Last week’s soaking of eastern New Mexico raised the levels of Conchas and Ute lakes by up to 9 feet, providing relief from concerns about lake levels severely depleted by drought.
Precipitation before last week’s deluge had risen Conchas Lake’s level enough so that the Arch Hurley Conservancy District could have allocated water to its clients for the first time in two years, “but just barely,” according to district manager Franklin McCasland. The district’s board, however, decided not to allocate water, since it was too late in the season, McCasland said.
Since last Tuesday, the level of Conchas Lake has risen 9 feet, from 4,164 feet above sea level to 4,173 feet, as of Monday, according to Valerie Mavis, chief natural resources of the U.S. Army Corps of engineers. Since July, the lake level has increased almost 20 feet, Mavis said. The current level puts the lake level at 30 feet below the floodgates of the Conchas Dam. In July, the level was 51 feet below the floodgates.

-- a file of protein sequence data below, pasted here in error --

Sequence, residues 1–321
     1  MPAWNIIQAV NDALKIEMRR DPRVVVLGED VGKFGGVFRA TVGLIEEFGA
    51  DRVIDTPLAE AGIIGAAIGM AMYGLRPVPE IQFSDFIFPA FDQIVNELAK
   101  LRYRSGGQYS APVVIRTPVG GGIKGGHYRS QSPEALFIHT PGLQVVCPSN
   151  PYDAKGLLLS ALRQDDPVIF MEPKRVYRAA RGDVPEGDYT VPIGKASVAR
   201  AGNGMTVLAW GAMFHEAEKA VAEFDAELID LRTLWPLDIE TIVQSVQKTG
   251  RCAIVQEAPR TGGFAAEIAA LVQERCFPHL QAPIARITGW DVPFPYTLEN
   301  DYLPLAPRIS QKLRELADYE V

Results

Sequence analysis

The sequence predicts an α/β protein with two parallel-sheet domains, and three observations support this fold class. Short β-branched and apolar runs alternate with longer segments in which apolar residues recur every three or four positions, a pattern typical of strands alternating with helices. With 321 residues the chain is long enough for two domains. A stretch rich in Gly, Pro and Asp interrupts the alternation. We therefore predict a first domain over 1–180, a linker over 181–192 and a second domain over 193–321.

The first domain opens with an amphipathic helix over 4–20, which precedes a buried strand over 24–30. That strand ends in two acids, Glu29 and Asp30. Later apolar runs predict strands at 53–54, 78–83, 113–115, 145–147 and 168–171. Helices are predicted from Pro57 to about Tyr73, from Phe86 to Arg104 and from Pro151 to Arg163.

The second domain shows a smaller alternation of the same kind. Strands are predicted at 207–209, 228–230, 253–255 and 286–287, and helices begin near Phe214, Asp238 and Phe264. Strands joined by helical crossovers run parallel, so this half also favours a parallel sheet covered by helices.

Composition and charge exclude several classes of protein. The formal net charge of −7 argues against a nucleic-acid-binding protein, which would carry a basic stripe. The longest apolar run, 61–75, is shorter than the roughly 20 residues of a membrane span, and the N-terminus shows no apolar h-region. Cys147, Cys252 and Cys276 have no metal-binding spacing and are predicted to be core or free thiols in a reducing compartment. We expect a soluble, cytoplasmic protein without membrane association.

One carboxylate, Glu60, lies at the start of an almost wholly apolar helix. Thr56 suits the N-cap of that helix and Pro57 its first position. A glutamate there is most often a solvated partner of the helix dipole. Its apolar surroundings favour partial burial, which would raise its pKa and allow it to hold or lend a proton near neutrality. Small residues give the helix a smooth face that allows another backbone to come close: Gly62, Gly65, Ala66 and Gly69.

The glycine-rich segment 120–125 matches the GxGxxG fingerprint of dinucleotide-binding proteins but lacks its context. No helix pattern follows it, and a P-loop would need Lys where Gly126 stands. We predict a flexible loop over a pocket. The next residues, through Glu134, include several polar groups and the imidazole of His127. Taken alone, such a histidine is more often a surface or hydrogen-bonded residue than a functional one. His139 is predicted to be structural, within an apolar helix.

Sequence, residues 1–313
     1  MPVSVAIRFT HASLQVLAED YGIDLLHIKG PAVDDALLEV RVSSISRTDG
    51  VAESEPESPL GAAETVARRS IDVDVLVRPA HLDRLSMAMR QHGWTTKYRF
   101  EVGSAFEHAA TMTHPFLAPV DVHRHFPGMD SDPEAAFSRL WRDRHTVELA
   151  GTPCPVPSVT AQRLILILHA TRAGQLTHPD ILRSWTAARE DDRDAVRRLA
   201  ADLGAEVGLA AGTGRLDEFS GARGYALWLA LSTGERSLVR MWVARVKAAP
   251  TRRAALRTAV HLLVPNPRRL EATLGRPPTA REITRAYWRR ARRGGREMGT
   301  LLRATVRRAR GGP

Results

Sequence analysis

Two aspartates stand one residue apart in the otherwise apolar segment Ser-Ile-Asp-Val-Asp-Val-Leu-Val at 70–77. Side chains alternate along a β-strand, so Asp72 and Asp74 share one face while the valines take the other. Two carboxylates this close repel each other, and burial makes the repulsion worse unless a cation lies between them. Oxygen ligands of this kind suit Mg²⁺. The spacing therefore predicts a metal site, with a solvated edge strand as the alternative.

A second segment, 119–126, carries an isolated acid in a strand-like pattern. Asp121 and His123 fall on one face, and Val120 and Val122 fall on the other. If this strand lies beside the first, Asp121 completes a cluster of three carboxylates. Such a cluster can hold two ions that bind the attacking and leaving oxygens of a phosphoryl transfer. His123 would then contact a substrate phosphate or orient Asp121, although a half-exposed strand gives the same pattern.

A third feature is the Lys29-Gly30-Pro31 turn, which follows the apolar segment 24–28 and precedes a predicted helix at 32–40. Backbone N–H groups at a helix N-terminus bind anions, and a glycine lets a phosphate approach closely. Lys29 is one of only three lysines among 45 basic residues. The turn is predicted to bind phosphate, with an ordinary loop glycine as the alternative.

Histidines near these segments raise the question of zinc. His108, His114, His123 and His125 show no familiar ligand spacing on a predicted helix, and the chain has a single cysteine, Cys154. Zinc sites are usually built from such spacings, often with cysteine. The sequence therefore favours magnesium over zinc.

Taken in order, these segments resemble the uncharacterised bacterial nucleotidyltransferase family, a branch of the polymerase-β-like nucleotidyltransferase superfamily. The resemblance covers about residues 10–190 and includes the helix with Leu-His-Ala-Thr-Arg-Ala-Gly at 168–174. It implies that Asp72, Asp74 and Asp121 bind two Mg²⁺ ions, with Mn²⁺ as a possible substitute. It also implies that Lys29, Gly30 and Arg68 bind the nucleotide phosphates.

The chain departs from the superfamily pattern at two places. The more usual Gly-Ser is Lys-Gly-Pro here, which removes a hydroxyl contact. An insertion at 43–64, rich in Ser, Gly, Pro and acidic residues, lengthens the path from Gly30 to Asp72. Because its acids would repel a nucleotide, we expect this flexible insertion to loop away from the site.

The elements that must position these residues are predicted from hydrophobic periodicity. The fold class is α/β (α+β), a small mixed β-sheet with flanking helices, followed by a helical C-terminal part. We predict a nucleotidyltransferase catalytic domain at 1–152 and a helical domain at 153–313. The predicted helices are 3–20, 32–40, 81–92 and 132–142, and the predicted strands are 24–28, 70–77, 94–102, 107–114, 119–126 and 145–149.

At Ute Lake State Park, the water level on Sept. 9 was 3,773 feet above sea level. The level on Monday was 3,777 feet a rise of 4 feet, according to the New Mexico State Parks Department.